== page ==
CIA proud of its contributions to modern technology
From early detection of breast cancer to lithium batteries that power your cell phone or digital camera to Google Earth, the CIA is proud of what it calls its contributions to modern life. In a feature article it posted on its Web site on Feb. 12, the Agency patted itself on its back.
“Have you ever wondered if the world-class technology developed by the CIA could ever be made available to the public?,” asked the CIA, in its article. “You may be surprised to learn that it already has. Look no further than your cell phone or digital camera, which is powered by the lithium-iodine battery.”
CIA developed lithium iodine batteries in the 1960s because certain operational missions required long-lasting batteries of various shapes and sizes. The lithium-iodine battery improved the performance of surveillance equipment and prolonged the operation of reconnaissance satellites. In the early 1970s, the CIA passed the technology to the medical community where it was used in heart pacemakers.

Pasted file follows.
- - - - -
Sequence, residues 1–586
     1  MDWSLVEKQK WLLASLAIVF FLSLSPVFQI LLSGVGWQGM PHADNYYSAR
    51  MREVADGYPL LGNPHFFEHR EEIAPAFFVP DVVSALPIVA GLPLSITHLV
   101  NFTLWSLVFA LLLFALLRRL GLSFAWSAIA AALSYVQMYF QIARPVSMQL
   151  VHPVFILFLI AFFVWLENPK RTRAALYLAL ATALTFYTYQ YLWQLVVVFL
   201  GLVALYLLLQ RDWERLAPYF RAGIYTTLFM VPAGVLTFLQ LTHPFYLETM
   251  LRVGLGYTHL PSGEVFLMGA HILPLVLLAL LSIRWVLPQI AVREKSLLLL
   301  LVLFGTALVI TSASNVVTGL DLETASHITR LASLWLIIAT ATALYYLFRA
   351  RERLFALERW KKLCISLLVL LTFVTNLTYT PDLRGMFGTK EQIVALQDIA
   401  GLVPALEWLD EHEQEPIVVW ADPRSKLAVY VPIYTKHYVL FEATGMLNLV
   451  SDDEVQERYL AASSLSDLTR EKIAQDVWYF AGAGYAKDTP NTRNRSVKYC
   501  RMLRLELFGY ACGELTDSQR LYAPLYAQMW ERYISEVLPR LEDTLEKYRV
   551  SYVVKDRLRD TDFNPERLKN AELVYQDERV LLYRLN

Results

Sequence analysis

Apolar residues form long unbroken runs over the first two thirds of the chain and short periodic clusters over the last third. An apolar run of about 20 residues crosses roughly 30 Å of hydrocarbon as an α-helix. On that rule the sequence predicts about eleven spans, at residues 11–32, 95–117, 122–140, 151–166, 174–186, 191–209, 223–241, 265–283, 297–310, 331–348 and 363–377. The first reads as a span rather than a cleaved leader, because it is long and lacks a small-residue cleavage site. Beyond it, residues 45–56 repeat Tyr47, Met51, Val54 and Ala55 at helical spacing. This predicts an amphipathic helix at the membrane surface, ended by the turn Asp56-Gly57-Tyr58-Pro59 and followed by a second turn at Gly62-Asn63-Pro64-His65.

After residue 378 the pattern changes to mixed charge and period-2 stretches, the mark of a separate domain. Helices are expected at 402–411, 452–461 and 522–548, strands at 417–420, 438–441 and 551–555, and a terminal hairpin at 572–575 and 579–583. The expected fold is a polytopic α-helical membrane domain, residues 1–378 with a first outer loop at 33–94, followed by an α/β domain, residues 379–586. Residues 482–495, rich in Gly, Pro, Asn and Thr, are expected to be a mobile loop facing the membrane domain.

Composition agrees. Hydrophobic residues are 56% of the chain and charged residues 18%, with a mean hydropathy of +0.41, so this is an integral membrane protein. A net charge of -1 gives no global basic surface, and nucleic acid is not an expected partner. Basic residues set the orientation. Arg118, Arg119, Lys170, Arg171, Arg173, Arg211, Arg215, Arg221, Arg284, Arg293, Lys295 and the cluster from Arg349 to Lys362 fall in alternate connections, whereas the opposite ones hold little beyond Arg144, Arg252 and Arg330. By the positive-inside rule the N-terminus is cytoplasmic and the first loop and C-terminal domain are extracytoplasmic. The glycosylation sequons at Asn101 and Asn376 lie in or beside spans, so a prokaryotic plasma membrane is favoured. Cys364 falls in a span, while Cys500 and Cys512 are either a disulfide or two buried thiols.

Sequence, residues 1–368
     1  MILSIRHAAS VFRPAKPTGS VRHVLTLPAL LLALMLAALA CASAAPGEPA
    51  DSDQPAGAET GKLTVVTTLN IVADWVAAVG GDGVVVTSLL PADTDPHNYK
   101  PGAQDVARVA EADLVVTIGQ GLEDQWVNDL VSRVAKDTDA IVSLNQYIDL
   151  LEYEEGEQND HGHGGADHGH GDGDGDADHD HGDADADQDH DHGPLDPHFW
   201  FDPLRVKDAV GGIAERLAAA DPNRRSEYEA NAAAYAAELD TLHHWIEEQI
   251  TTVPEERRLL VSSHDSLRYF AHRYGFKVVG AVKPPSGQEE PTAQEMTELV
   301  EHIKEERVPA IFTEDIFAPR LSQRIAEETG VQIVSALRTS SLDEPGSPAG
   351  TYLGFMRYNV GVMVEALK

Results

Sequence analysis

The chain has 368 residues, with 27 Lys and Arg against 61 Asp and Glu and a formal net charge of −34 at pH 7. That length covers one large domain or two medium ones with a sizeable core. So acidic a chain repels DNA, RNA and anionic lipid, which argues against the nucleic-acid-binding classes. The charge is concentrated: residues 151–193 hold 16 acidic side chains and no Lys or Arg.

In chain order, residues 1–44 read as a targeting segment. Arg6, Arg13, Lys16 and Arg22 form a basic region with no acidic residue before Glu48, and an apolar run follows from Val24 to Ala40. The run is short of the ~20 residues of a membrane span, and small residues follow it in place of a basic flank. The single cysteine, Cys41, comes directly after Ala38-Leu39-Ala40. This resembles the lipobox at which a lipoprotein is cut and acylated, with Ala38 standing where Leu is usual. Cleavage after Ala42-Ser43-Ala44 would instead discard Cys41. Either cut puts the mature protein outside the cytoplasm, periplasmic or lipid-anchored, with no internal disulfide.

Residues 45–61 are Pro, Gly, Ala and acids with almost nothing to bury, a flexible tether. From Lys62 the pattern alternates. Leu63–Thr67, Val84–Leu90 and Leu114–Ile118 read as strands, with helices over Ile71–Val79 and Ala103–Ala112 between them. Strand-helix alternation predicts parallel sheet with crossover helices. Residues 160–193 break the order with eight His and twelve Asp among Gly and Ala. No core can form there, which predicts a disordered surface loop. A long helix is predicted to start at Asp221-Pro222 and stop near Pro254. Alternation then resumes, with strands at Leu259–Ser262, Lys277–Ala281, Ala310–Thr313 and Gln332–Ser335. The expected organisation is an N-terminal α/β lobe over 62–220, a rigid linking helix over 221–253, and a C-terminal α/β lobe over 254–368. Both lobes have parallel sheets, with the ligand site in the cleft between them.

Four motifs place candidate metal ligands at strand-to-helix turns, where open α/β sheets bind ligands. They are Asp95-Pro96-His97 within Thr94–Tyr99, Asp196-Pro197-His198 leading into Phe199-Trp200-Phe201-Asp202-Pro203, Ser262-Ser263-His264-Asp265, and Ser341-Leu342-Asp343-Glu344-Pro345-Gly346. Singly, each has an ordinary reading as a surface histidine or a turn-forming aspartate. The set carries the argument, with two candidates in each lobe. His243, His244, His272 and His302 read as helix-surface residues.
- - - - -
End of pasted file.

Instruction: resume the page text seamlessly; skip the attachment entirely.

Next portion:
The medical community has also used CIA’s research and development to improve early detection of breast cancer. Radiologists were able to adapt technology — originally used for satellite imagery analysis — to help better diagnose breast cancer in women under 50, where diagnosis is difficult. The use of these methods is believed to have considerably reduced the number of deaths from breast cancer.
Finally, in February 2003, the CIA-funded strategic investor In-Q-Tel made an investment in Keyhole, Inc. Keyhole was a pioneer of interactive 3D earth visualization and creator of the Earth Viewer 3D system. CIA worked closely with other Intelligence Community organizations to tailor Keyhole’s systems to meet operational needs. The technology was also useful in the private sector, with multiple TV networks using Earthviewer 3D to fly over Iraqi cities during its news coverage of Operation Iraqi Freedom. The popularity of this technology eventually caught the attention of Google, which acquired Keyhole in 2004. You know this technology today as Google Earth.